Children's health vulnerable to climate change, Canadian Paediatric Society says
Society points to emerging health issues for kids that include heat-sickness and reduced air quality
The Canadian Paediatric Society says it expects climate change to increasingly affect children's health and is encouraging health-care providers to press all levels of government for measures that curb it.
The society's new guidance paper points to emerging health issues for kids that include heat-sickness, reduced air quality and contaminated water sources.
It also says natural hazards and extreme weather can raise longer-term mental health effects for kids, especially if families are displaced or lose their homes, if relatives die, or if children's health care and schooling is interrupted.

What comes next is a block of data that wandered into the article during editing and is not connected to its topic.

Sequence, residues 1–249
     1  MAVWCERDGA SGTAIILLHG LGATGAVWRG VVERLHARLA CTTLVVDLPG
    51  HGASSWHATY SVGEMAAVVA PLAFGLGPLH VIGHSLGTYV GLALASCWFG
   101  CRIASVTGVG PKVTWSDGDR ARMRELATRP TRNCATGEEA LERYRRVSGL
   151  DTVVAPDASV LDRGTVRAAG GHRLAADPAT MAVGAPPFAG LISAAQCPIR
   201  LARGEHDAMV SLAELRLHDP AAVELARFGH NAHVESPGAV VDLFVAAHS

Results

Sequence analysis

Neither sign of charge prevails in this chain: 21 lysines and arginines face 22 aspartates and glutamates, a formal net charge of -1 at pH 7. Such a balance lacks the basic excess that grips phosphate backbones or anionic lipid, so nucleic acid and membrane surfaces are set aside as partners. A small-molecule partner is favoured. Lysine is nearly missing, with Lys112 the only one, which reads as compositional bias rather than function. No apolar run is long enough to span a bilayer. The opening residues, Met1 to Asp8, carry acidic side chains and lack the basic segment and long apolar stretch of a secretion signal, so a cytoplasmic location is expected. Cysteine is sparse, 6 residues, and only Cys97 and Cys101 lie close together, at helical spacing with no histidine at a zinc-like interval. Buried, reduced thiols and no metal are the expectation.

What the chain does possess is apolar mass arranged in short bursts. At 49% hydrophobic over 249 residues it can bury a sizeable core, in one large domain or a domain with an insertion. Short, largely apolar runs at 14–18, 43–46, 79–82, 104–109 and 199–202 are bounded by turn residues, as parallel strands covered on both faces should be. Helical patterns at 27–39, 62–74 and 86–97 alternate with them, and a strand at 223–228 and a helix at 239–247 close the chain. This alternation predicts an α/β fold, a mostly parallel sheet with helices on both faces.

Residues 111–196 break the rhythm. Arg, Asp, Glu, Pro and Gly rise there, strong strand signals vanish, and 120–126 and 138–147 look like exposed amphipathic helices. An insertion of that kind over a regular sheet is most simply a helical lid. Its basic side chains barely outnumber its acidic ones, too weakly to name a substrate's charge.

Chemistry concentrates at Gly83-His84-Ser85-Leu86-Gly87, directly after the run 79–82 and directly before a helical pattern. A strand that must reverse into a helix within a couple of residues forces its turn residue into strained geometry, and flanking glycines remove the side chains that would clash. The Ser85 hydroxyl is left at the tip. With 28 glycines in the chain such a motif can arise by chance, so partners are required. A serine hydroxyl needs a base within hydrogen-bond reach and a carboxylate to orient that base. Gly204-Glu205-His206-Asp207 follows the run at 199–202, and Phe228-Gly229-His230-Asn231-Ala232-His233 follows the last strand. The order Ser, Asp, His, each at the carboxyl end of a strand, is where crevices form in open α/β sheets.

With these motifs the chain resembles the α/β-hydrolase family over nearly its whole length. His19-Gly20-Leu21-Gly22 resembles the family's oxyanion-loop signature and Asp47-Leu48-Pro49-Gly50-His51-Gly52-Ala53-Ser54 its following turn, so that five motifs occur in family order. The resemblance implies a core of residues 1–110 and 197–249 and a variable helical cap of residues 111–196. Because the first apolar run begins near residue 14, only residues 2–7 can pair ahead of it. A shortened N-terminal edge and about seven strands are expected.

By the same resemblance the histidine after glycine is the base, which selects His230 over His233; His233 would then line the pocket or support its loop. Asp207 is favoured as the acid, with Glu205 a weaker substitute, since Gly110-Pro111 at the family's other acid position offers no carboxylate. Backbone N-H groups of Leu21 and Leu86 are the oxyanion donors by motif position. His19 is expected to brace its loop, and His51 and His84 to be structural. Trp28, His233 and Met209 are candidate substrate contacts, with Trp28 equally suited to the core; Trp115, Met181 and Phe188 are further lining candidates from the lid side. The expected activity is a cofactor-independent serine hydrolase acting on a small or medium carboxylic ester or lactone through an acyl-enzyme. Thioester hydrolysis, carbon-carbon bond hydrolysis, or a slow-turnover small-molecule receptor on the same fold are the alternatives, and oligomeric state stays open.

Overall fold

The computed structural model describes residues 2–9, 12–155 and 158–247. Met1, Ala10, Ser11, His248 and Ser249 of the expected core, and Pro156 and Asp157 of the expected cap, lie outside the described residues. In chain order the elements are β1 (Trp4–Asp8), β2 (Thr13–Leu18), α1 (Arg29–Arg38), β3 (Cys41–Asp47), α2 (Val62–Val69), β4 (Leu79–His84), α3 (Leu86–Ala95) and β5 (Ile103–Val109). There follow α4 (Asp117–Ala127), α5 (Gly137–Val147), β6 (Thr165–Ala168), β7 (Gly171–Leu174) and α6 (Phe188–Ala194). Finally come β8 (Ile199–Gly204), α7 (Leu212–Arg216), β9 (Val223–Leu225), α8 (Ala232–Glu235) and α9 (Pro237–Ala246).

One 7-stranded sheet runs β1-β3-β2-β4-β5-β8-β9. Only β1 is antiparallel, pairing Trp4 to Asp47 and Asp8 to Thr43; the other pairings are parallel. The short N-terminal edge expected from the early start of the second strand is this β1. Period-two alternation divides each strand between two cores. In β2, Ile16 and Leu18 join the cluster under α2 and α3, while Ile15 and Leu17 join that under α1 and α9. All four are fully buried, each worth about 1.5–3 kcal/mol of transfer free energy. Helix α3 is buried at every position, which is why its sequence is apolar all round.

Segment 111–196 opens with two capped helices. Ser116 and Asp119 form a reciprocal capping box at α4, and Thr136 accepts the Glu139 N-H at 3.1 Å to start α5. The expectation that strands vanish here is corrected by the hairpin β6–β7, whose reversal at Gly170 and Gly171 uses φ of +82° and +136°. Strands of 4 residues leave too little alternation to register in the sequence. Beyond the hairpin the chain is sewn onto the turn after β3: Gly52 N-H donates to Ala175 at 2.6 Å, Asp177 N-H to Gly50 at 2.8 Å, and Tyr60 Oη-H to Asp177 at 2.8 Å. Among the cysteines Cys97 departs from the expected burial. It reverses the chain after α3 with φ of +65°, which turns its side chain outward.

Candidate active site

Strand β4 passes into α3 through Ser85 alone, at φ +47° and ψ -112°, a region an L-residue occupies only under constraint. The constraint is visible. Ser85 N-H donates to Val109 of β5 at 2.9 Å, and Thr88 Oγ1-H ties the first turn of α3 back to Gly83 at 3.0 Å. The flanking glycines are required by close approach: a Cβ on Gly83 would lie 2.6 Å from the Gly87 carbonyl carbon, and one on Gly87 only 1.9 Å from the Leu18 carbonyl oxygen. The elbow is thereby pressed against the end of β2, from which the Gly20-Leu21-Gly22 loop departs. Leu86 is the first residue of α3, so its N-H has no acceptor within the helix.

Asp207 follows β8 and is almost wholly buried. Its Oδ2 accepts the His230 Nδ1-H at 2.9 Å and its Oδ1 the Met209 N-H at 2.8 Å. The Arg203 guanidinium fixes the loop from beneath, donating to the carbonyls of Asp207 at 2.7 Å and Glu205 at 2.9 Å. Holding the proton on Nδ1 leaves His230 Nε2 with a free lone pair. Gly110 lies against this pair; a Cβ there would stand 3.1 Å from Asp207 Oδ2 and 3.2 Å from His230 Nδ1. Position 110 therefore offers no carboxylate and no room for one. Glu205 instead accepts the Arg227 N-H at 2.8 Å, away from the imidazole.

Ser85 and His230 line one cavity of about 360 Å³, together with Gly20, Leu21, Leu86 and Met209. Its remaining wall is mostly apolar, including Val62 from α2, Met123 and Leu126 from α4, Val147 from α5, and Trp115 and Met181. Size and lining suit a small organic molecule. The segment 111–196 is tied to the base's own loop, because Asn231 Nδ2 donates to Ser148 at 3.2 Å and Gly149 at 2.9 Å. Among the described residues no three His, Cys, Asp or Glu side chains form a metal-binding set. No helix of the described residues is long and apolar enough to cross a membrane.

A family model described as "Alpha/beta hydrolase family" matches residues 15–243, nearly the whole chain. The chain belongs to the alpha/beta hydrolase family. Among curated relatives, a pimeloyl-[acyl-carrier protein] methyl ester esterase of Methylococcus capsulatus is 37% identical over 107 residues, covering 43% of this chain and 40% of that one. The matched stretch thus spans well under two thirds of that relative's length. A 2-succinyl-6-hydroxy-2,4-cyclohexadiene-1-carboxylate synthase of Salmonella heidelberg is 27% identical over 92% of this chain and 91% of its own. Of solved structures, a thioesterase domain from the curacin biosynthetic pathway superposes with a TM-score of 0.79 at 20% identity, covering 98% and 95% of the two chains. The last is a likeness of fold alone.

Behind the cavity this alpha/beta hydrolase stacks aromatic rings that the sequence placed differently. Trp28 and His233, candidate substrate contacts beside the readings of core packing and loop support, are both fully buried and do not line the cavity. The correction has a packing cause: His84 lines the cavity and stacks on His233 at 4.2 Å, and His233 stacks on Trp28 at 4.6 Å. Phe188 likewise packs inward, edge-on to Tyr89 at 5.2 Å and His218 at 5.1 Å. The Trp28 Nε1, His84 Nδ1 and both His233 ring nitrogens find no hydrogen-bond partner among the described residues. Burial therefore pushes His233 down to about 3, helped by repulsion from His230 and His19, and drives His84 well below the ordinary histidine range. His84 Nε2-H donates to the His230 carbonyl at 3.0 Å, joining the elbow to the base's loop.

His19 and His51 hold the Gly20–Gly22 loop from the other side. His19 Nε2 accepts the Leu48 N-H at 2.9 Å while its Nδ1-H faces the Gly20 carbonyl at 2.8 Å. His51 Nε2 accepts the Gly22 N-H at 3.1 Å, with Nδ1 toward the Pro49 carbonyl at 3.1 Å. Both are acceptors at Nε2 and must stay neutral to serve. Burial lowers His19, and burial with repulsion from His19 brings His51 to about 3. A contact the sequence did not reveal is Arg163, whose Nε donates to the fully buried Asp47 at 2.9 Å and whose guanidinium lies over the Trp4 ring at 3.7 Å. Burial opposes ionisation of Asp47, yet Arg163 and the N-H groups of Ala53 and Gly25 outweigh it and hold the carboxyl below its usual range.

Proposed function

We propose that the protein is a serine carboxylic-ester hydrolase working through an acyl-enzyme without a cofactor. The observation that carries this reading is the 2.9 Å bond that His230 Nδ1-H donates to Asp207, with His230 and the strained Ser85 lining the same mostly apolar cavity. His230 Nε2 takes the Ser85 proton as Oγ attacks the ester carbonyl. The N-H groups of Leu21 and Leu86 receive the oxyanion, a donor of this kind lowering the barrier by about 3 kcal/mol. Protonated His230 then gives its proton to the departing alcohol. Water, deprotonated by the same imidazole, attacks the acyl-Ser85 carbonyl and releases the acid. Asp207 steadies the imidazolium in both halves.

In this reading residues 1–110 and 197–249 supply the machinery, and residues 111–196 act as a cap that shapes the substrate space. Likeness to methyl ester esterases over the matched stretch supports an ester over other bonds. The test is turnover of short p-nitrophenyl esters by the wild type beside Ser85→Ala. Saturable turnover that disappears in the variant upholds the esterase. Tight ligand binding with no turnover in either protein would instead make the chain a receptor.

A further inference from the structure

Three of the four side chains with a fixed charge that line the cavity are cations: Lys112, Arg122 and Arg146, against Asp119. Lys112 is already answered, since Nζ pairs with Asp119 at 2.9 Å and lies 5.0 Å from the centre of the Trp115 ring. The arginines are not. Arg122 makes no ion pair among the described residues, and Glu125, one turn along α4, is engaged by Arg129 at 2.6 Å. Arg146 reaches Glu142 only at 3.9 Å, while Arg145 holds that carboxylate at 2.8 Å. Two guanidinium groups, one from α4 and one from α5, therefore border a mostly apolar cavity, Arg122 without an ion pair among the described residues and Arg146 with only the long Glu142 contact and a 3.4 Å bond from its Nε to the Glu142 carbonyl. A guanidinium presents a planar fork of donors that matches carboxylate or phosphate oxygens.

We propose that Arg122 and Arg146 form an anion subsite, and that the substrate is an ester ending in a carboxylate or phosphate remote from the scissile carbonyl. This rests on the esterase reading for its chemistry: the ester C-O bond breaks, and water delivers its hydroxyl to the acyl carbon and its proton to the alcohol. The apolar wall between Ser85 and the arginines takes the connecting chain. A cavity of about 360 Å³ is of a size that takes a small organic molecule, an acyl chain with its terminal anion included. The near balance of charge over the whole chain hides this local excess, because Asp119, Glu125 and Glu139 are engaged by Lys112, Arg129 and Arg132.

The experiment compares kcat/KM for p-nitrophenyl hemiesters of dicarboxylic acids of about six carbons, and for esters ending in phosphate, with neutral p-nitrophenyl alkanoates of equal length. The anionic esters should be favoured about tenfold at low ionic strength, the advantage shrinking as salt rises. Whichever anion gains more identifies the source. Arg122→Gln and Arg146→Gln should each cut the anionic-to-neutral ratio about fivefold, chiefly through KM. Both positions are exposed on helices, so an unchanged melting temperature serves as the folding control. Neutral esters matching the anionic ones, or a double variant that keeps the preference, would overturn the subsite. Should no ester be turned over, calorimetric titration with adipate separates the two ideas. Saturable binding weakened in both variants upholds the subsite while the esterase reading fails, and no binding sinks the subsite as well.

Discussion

"Because of their growing and developing bodies, children are more vulnerable than adults to the effects of climate change," lead author Dr. Irena Buka, a pediatrician in Edmonton, said Wednesday in a release.
"Climate change is the greatest global health threat of this century and children are particularly vulnerable to its effects."
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The society says clinicians should learn more about the way climate affects kids' physical and mental health, and even monitor local pollen, air quality and UV index levels so they can counsel families on measures including sun protection.
The agency says heat waves, forest fires and floods are expected to be more frequent in the coming years.
It adds that children can be disproportionately affected by climate-related changes because they metabolize more water, air and food per kilogram of body weight than adults.